Republican presidential candidate, US Rep. Ron Paul (R-TX), speaks to supporters at his primary night campaign rally on January 10, 2012 in Manchester, New Hampshire. Paul finished second behind former Massachusetts Gov. Mitt Romney in the first in the nation primary.
Credit: Andrew Burton

With nearly one-quarter of the vote, Texas Congressman Ron Paul came in second in Tuesday's New Hampshire primary, building momentum for his campaign as it heads South. Paul next competes in primaries in South Carolina on Jan. 21 and Florida on Jan. 31, Reuters reported.

The win comes a week after Paul finished third in the Iowa caucuses.

It was the latest example of how the 76-year-old congressman's anti-establishment campaign has made him a player in the Republican nomination process - and even a potential force as a third-party candidate.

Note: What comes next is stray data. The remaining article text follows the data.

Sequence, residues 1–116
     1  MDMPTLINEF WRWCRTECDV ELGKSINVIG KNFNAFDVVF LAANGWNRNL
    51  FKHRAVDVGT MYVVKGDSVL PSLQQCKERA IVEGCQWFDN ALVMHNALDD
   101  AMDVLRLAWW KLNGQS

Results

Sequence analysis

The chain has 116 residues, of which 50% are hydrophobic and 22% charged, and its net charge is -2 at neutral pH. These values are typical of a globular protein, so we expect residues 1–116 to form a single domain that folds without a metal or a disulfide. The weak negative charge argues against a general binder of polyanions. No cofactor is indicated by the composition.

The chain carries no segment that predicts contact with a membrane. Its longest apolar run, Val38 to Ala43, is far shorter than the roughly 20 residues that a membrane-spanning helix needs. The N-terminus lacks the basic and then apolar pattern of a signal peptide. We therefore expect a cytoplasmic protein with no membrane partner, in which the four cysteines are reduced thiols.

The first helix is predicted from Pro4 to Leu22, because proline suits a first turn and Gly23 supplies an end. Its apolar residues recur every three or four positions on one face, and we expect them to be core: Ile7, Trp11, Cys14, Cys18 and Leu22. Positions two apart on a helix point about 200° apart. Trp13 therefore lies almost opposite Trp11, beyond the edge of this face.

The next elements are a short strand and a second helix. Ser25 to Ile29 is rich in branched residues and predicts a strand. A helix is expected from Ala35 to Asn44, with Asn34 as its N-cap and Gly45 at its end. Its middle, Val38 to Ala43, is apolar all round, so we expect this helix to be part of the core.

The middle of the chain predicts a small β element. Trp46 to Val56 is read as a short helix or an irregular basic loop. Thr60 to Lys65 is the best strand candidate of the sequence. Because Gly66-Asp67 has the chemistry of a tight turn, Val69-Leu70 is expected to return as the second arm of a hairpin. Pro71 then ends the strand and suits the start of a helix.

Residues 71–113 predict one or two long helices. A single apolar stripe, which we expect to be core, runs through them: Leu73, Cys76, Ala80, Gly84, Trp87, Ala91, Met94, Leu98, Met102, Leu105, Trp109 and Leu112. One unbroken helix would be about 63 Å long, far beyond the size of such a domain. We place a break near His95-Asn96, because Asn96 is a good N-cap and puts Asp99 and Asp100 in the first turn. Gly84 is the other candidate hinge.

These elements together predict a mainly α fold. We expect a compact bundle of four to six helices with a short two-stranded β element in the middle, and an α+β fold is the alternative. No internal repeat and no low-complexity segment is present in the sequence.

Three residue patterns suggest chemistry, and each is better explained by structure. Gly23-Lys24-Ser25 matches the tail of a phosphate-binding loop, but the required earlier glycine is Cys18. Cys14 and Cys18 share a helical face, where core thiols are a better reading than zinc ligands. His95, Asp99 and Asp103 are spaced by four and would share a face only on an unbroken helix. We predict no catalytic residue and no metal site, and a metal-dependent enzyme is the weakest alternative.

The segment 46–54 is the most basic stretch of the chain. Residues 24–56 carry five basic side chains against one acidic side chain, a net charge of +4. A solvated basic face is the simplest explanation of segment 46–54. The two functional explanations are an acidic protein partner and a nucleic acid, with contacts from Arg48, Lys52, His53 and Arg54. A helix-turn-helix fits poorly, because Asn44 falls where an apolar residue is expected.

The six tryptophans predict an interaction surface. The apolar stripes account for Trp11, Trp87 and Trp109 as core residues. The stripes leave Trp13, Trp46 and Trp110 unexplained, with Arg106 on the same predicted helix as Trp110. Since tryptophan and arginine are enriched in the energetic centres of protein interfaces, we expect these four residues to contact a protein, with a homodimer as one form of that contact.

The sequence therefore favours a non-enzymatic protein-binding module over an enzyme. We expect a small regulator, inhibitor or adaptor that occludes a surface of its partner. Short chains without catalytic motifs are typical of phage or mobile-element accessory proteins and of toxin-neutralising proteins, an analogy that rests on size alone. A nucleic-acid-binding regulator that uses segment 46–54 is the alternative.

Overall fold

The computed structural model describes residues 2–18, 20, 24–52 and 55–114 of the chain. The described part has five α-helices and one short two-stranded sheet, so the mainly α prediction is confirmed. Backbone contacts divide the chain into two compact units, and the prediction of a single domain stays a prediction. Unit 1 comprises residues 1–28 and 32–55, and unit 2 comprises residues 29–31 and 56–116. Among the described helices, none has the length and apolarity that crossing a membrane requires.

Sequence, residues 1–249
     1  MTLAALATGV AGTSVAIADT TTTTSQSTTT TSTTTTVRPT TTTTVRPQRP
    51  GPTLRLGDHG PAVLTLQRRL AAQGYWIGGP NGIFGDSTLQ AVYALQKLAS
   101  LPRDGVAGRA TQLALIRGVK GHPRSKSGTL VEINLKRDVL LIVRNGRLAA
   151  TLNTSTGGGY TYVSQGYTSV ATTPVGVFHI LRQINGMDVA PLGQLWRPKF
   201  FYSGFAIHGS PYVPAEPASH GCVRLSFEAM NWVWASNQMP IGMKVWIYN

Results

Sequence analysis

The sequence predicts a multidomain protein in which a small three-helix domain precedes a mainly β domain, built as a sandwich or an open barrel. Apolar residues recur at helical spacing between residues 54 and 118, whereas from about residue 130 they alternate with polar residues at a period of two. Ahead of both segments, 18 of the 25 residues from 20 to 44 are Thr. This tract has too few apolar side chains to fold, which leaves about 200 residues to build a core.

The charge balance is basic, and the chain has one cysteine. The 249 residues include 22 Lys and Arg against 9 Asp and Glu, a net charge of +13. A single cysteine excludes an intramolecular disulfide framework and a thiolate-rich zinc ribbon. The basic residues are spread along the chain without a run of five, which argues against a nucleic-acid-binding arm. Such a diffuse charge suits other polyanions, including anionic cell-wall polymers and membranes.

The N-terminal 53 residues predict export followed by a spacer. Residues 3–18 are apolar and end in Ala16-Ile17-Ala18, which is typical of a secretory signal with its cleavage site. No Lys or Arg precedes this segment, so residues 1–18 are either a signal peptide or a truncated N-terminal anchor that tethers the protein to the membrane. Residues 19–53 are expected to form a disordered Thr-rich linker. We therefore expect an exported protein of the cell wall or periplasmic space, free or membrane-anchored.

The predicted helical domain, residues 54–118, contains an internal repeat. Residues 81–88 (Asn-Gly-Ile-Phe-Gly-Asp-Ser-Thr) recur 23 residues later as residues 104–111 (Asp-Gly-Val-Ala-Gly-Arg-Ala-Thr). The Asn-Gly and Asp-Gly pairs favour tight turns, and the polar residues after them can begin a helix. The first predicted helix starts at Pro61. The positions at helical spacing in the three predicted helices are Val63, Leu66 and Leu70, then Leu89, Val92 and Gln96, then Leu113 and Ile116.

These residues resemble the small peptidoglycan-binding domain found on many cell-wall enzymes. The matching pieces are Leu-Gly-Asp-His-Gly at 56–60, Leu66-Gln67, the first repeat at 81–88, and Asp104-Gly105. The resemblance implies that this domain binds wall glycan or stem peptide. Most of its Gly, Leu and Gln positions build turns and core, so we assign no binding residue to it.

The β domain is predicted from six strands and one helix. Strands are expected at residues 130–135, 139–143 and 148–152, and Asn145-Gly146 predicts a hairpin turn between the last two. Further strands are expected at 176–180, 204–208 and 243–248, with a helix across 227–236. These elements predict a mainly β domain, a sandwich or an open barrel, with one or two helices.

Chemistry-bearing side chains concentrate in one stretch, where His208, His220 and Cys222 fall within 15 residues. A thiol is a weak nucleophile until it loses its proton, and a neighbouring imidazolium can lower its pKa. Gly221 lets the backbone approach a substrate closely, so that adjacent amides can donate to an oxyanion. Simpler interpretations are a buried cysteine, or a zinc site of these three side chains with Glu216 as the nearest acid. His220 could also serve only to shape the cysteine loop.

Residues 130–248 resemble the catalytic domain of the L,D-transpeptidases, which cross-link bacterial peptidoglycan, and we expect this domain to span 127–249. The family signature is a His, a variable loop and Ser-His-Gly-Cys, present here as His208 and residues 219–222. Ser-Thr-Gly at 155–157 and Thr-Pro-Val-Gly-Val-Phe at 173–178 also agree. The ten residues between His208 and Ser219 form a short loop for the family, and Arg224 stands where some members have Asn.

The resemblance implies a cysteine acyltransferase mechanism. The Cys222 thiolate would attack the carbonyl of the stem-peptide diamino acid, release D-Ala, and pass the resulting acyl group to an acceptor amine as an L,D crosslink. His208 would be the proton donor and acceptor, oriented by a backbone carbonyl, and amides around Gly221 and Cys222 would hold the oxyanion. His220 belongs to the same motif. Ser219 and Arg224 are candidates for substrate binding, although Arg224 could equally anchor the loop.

During a fiery speech before supporters Tuesday night in Manchester, Paul hit on familiar themes. He railed against the Federal Reserve's influence on the economy, basking in chants of, "End the Fed, end the Fed," Reuters reported.

New Hampshire results: Mitt Romney for the win

His campaign has a core group of young voters, retirees and with his latest win, is becoming even more difficult to ignore.

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On Wednesday, Paul dismissed concerns that he is not "electable." Critics say he's not a candidate that conservatives can coalesce around to take on front runner Mitt Romney.

Paul told CBS This Morning

"I've won 12 elections already, and we're doing quite well now. It's amazing that I do so much better than those other candidates that are all electable. They're all in fourth, fifth and sixth place, but they're all electable, but I come in second or third, and all of the sudden people say, 'Oh, he's not electable.' I don't know how that adds up."

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